Belfast’s Strangle Wire open the night with killer riffs, intense double bass, and animated facial expressions amidst brutal vocals from frontman Pete Clarke. “This isn’t the heaviest song in the world, but it’s fucking close enough” Clarke jokes, with the band delivering performances from releases The Dark Triad and Shaped By Human Frailty. Fresh from their successful US tour, Strangle Wire are a steadfast Death Metal band that are brimming with quality, be it live or on album. A band that needs your attention.
Not too far away from the their supporters, Lisburn’s The Crawling present a quickly growing venue audience with their eclectic blend of doom, death, and at times groove metal – with one audience member amusedly confusing the beginning of The Right To Crawl for a very down tempo cover of Sweet Dreams by Eurythmics.
Having conquered a number of festivals across the UK and Europe, The Crawling are destined for big things. No doubt, there will be news of new music, and more live shows to be announced in the near future. Watch this space…
A giant backdrop displaying a rainbow glitched-out error screen with ‘CARCASS TV‘ prepares the audience for the band entrance, opening with The Living Dead at the Manchester Morgue – and the ground floor crowd waste absolutely no time delving straight into a rough but friendly mosh pit.
Having supported Arch Enemy and Behemoth in the 3Olympia only six months ago, as well as being on a hiatus for 11 years, there was much opportunity for the band to have perhaps slipped under the radar for a younger generation back in the late 90’s, and early 00’s.
This tour cycle promotes their 2021 release, Torn Arteries, (which also became victim to not getting a scheduled release date or fresh tour run due to the Great Worldwide Grounding of 2020-2022), but the 19 song setlist makes sure to keep older, and dedicated fans entertained by touching back as far as 1988’s Reek of Putrefaction to perform Genital Grinder and Exhume to Consume from 1989’s Symphonies of Sickness.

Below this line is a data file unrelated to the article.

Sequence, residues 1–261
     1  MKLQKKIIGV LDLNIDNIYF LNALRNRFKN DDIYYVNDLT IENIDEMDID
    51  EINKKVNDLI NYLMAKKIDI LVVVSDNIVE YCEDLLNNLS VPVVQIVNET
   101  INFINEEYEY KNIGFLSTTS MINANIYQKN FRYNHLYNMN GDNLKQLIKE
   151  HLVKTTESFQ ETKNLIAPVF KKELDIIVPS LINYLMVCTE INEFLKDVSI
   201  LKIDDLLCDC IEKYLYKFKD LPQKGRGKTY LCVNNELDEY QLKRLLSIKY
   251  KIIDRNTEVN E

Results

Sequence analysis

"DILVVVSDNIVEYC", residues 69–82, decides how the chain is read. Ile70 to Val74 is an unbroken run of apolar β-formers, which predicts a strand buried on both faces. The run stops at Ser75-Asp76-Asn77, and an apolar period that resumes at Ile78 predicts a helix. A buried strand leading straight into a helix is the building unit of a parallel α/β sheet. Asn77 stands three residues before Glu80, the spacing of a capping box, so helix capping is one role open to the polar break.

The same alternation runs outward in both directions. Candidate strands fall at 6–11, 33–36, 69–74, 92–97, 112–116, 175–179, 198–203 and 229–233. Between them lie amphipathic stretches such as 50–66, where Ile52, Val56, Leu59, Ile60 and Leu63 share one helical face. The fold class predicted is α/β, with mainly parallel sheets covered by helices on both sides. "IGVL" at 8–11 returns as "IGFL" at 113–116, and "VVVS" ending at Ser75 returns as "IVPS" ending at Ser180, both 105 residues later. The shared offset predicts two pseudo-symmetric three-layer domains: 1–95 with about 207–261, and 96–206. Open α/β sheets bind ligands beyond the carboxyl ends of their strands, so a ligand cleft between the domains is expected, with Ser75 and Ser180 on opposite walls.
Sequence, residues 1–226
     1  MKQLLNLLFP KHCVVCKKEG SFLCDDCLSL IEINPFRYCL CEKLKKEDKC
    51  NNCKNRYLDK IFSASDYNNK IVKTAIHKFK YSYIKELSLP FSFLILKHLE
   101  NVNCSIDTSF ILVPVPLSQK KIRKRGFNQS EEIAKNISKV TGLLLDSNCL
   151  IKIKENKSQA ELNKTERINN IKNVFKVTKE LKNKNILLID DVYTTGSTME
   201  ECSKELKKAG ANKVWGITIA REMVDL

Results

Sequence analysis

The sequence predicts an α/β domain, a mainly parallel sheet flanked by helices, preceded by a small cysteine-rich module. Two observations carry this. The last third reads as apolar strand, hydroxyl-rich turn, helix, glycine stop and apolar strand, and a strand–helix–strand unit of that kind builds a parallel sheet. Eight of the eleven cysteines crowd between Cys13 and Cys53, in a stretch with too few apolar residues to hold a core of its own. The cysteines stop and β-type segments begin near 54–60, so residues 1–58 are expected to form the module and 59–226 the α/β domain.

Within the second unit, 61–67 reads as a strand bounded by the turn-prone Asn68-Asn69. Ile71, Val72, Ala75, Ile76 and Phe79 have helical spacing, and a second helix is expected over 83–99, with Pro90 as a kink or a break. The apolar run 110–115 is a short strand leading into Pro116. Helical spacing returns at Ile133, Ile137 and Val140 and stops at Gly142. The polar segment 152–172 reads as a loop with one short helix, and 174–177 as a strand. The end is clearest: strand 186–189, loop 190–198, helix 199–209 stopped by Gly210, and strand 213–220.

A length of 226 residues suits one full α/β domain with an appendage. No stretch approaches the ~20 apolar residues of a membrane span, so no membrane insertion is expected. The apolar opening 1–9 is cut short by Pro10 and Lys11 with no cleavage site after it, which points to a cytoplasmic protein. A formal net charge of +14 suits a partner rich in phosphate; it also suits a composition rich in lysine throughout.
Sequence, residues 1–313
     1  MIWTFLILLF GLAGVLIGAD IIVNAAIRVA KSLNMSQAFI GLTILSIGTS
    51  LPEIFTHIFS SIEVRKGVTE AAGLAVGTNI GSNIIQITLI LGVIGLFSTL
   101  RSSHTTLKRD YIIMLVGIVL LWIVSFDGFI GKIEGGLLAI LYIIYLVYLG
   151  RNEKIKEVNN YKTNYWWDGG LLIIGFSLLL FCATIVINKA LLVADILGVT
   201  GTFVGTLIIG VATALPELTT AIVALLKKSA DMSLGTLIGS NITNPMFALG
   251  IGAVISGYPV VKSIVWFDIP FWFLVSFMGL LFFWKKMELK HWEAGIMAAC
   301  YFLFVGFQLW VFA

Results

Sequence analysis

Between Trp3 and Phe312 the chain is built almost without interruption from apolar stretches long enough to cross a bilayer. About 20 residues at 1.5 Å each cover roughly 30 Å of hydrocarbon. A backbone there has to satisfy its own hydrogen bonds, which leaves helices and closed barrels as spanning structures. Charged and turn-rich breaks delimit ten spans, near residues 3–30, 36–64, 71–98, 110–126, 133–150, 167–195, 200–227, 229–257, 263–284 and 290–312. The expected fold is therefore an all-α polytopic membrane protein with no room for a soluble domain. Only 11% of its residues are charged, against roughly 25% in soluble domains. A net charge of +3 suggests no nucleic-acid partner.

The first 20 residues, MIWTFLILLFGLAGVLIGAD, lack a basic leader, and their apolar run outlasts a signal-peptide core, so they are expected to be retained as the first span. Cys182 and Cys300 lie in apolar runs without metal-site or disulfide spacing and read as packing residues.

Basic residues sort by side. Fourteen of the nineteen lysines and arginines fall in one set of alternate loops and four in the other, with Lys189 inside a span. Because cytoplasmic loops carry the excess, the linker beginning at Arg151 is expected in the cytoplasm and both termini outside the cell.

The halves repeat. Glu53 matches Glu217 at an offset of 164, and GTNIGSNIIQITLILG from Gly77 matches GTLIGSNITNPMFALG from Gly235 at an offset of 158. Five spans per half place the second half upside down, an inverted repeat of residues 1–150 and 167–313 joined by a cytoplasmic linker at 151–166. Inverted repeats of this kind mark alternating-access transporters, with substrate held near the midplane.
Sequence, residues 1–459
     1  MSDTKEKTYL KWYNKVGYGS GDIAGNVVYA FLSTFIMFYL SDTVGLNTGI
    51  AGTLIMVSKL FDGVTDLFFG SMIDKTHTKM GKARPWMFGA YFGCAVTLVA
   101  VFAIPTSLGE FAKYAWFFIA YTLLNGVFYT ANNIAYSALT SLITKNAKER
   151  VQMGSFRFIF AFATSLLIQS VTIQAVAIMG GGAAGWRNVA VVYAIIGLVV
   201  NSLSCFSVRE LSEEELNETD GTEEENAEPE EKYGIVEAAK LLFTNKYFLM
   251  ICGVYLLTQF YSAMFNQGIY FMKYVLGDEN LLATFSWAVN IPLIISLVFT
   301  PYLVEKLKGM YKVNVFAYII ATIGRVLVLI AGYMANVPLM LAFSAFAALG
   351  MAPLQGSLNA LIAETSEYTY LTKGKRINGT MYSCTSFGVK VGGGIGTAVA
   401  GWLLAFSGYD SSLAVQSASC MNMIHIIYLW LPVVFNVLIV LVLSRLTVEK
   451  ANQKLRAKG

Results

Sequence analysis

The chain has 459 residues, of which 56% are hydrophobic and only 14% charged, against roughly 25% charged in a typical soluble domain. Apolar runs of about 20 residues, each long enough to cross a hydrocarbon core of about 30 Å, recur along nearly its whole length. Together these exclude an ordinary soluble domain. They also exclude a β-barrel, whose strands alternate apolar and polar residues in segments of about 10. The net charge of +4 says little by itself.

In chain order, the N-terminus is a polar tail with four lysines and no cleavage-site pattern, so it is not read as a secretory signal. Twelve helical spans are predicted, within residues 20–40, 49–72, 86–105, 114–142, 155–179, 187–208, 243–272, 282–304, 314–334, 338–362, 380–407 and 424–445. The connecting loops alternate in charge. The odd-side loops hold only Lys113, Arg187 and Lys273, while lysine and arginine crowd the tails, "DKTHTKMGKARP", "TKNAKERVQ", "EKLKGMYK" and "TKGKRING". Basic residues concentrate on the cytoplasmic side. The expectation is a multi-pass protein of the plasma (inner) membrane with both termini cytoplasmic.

Notorious for his sarcastic comments, bassist/vocalist Jeff Walker breaks the lack of banter with the crowd by proclaiming that Carcass had not set foot in Ireland since, “what was it.. 2013? 2014?” to a dichotomy of laughter and confusion (note: the band were here in September 2022 – Walker just like to rip the piss).
The introduction to Black Star perks the crowd up, but the group take a surprising turns by cutting the song short and ploughing into Keep On Rotting in the Free World, accompanied by an impressive spotlighted solo from drummer Daniel Wilding (ex-Aborted, ex-Trigger The Bloodshed) before the crowd once again erupt into a floor sized mosh pit. “Who wants a bass solo?”, Walker asks an excited crowd, before he hilariously disregards the statement, and instead opts to continue on with the setlist as planned.
A familiar audio sample stating “”Identifying the bodies which are decomposed, dismembered, skeletonised...” rings out over the speakers and gear the audience up for fan favourite Corporal Jigsore Quandary which keeps security on their feet as the crowd turn chaotic with the biggest pit, and movement of the night.
Major kudos must go to the engineer for delivering an absolutely crystal clear sound to the 850 strong crowd for the nights show, highlighted with Carcass‘ simple but apt backdrop; a giant heart-shaped ribcage overlapped with flashing images of surgical tools.
Wrapping up with a live blend of Ruptured in Purulence, Heartwork, and Carneous Cacoffiny, the band take a moment off stage before returning for encores Mount of Execution and Tools of the Trade.
As always, Carcass leave the venue begging for more and smiling from ear-to-ear. Let’s hope that we don’t have to wait a long as we did for another headline run of dates. Fantastic stuff indeed.
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